What To Eat in Bargia

Food has been on the brains of many of us lately. Apparently that means writing has taken a back seat. So just to make sure the rest of you don’t get back to business before I do and jump ahead of me here is a post I wrote for Shelley Workinger’s blog (with minor edits). Drool on.


My trilogy, Earth’s Pendulum, takes place in an imaginary old world society. Think agrarian city state, on a large island isolated from other influences. The climate is temperate, akin to what Ireland might have, or England.

Now when I create my world, while it is not a real place, I still want my readers to be able to place themselves there, to see it in their minds, to hear the speech of the characters. Both the setting and the characters must be believable.

One device I use to help readers feel that my world is a possible place, one where they can feel at home, is to describe some of the more mundane, everyday parts of their lives. So, in Bargia, or Catania, Gharn or Lieth I add elements of daily life that include hints of what the citizens eat, drink and use for remedies and healing. But these must be plausible. Since we are in a temperate climate, isolated from other societies, real tea would not be available. But tisanes would. So my characters drink tisanes, though they call them teas; sage for strength, raspberry leaf for pregnancy, chamomile for its calming effect, and white pine needle both for its pleasant taste and because it contains vitamin C. Mint tea, too, is common. They do drink ale, wine, and mead as well, but these are less interesting to me because they are so common in many books.

Now what do we expect people in such a culture and environment to eat? Why wild meats such as venison, wild boar and rabbit, of course. As well they have domesticated some cattle, sheep and goats for milk, yogurt and cheeses, as well as for meat. Chickens, ducks and geese add eggs and fill out the meat menu. Meats may be roasted, stewed, smoked and potted in fat or stored in brine.

Platters of cheese, cold meats and fragrant, dark breads figure prominently in many of the ‘meetings’ that are held with the lord, his advisors, his lady and family. Dried legumes such as beans and peas fill out the menu.

The gardens on the One Isle are filled with beans, squashes, root vegetables and herbs. Grains such a maize, spelt and rye are grown. I leave out wheat as it is a more modern grain. Orchards provide apples and plums. Berries are picked in summer and preserved in honey. Mmmmm!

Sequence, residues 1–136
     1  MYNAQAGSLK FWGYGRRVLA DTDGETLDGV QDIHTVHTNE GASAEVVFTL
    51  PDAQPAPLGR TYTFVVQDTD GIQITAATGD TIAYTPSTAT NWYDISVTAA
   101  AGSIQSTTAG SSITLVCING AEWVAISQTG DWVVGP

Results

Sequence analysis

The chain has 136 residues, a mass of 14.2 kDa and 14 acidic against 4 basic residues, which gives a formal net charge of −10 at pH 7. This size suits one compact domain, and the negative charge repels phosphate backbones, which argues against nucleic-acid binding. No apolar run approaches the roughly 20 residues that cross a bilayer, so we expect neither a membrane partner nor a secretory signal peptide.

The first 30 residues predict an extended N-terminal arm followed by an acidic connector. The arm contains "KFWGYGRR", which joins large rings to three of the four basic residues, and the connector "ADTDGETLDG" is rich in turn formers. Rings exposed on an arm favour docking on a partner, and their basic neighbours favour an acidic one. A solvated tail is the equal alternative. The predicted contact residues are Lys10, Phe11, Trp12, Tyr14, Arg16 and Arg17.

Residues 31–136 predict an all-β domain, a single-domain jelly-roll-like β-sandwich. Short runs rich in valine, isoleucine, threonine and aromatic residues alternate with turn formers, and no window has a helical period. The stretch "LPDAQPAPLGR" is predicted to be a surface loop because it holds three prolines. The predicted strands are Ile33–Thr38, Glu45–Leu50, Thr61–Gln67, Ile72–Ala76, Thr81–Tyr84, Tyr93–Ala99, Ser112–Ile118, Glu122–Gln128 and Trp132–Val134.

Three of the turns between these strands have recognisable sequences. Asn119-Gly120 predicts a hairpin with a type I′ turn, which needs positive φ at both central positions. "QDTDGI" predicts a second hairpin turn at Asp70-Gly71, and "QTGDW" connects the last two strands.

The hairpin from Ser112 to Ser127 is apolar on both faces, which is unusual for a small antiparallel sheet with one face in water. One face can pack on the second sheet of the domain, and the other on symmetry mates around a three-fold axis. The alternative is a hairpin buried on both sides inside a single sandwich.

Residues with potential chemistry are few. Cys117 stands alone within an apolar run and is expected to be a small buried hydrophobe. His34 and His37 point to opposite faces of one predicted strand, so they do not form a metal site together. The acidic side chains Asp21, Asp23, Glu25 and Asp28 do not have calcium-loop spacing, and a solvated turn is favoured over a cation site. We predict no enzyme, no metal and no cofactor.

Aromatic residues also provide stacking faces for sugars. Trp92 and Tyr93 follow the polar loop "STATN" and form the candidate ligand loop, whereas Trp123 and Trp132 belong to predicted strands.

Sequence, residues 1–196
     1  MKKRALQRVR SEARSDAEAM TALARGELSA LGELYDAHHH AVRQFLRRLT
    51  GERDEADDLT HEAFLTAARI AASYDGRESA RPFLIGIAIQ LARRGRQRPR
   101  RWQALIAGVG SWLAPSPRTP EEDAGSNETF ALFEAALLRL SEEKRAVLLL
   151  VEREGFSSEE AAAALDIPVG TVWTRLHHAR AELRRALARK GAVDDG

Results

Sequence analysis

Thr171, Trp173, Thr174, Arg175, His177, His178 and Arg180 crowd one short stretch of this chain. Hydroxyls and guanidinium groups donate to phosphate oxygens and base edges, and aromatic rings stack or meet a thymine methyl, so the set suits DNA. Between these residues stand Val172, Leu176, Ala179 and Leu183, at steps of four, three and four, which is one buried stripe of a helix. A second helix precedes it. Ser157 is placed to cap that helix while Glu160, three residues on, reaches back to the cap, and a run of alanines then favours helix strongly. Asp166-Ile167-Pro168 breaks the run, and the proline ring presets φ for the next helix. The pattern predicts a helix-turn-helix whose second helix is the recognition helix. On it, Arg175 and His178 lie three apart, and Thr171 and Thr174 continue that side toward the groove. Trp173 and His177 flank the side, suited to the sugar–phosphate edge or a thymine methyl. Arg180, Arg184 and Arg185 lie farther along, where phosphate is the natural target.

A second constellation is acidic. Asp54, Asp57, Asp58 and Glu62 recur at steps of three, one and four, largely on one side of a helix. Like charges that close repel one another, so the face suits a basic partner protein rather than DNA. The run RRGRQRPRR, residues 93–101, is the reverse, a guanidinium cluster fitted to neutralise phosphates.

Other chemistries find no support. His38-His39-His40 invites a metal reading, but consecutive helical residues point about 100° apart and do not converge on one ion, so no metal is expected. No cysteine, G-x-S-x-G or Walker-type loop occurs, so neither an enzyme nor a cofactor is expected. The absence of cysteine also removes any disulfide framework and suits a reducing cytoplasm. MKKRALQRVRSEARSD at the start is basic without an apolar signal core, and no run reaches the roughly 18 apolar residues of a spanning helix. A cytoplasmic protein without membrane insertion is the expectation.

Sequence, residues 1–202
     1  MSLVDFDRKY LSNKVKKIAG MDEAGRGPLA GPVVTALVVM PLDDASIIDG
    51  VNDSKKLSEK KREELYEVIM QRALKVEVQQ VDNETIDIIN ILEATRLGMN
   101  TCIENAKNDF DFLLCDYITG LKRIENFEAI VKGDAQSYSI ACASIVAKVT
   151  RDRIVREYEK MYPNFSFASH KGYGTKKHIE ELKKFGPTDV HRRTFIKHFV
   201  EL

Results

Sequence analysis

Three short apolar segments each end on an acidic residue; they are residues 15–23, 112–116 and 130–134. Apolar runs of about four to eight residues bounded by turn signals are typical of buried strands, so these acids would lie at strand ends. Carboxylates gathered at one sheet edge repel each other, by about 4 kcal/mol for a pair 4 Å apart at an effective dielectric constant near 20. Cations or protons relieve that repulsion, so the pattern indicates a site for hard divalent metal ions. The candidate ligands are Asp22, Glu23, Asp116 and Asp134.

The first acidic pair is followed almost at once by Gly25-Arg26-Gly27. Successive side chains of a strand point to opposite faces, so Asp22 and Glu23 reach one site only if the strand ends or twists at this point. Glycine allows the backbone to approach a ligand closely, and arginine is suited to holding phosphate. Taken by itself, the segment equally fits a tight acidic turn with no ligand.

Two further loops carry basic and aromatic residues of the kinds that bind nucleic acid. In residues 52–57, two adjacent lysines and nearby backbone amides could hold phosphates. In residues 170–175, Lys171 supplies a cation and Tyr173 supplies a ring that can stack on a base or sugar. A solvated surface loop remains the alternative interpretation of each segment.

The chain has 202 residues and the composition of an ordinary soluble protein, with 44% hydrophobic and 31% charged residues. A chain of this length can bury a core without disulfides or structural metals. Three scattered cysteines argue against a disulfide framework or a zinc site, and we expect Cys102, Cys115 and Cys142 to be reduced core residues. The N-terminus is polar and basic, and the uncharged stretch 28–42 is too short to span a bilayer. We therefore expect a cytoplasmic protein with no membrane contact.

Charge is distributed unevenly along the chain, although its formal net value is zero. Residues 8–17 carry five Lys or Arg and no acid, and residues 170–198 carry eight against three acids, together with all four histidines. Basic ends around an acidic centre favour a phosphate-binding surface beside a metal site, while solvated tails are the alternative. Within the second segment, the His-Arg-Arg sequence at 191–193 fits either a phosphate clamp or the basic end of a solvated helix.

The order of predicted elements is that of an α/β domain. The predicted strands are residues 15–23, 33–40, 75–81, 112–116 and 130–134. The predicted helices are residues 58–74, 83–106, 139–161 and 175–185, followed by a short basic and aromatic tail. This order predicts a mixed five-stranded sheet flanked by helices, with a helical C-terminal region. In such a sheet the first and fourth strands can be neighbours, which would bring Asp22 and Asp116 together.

Breads are mostly dark and dense. Sweet buns may be filled with nuts and raisins, and baked with honey, which make them highly prized at festival times or other special occasions. Honey cakes are another popular treat. Yum! Is your mouth watering yet? Imagine walking about the market square, stopping by a local baker’s shop to sample his latest tarts, the new recipe with raisins, hazelnuts and honey. Now there is a treat fit for the lord’s table!

For their greens the people forage in the forests for cress, wild garlic, leeks, and onions, mushrooms and fiddlehead ferns. These are a spring delicacy, much looked forward to after a winter of mostly root vegetable stews.

Honey does not only sweeten things. Honey has natural antibiotic properties which, when mixed with goldenseal makes a wonderful healing salve for minor wounds. Oregano is great for digestion and also has healing properties.

And if you need to sleep, but can’t, try a tea laced with valerian. You’ll hate it, make a face, even, (holding your nose helps) but it works. Just make sure you chase it with mint tea to get rid of the foul taste. You’ll sleep like a baby.

Come visit the One Isle with me and enjoy the fare it offers. You will eat and drink well.

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[A version of this article first appeared at Shelley Workinger’s Bookfare Blog on 2/16/2012.]

Yvonne Hertzberger is a Contributing Author at Indies Unlimited and author of Back From Chaos and Through Kestrel’s Eyes, Books One and Two of Earth’s Pendulum, an Epic fantasy trilogy. For more information please see the IU Bio page and her blog at  http:/yvonnehertzberger.com  [subscribe2]

Author: Yvonne Hertzberger

Yvonne Hertzberger is a native of the Netherlands who immigrated to Canada in 1950. She is an alumna of The University of Waterloo, with degrees in psychology and Sociology. Her Fantasy trilogy, ‘Earth’s Pendulum’ has been well received. Learn more about Yvonne at her blog and her Amazon author page.

4 thoughts on “What To Eat in Bargia”

  1. You're right, Yvonne. Describing what people eat makes a big difference when you're creating a believable world in a novel. My book, The Chariot Stone, is based in Dark Age Greece (1,300 BC). One of my readers asked me how I knew what they ate back then. Like you, I figured it out from what I knew of the time – for example, no tomatoes, they came much later. Your food sounds delicious, by the way.

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